Most of the new hires will be “joint appointments,” meaning their salary and their responsibilities are split 50-50 between IDSC and another department at the University. IDSC Deputy Director Ben Kirtman said that strategy accomplishes several goals: it allows them to collaborate more directly with colleagues in different departments, it reduces their teaching load by 50%, and it encourages them to push data science and AI/ML techniques to UM students and faculty who may be learning about those possibilities for the first time.
For example, David Chapman, the computer science prodigy, is working with his colleagues at IDSC, but his office is in the Department of Computer Science, he’s collaborating with researchers at the Miller School of Medicine, and he already has ideas of teaming up with researchers in other departments. “That’s the whole point of these joint hires,” Kirtman said. “These folks have a responsibility to infuse data across the campus.”
The Origin of the Interdisciplinary Approach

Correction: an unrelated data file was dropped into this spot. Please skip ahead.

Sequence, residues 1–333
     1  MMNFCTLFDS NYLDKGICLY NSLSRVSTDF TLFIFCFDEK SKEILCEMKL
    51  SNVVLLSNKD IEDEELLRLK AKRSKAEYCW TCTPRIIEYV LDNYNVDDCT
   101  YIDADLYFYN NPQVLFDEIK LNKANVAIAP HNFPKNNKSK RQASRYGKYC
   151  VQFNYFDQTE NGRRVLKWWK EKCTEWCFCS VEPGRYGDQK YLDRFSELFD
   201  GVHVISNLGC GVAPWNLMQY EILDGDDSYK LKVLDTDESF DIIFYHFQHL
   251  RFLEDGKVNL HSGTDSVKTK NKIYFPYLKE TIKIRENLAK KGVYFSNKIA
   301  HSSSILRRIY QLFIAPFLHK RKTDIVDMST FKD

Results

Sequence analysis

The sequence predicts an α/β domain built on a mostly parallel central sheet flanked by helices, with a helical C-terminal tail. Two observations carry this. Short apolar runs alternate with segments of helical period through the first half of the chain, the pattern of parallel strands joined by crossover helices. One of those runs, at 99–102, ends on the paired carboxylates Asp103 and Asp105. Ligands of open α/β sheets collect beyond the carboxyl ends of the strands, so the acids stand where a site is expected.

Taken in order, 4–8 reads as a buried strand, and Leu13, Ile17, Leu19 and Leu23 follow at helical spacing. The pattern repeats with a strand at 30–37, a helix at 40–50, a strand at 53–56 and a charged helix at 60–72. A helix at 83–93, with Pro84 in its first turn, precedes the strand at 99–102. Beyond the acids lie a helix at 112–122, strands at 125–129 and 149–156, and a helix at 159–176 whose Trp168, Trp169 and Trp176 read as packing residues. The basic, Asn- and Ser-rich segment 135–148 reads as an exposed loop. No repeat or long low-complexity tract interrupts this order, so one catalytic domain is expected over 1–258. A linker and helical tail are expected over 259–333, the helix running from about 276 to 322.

The idea of sharing IDSC experts with other departments has been around since the inception of the Institute, and its leaders have been prime examples. Tsinoremas has a PhD in molecular genetics and is a Professor of biochemistry, molecular biology, and health informatics, so he splits his time between IDSC and the Miller School of Medicine. Kirtman focuses his research on atmospheric sciences, so he splits his time between IDSC and the Rosenstiel School of Marine and Atmospheric Science. In fact, every member of IDSC has a foot in two camps.
Alberto Cairo is the Knight Chair in Visual Journalism and an Associate Professor in the School of Communication, where he uses his decades of experience as a data journalist to teach students how to create infographics and design graphics. But he’s also the Director of Visualization at IDSC, where he helps scientists identify their most compelling data and determine the best way to present that data in their papers, press releases, and websites. “We journalists tend to oversimplify, but scientists tend to overcomplicate because they want to show all the data,” Cairo said. “The middle ground is usually the way to go.”
“If you cannot present data in a way
that is understandable,
people will simply not look at it.”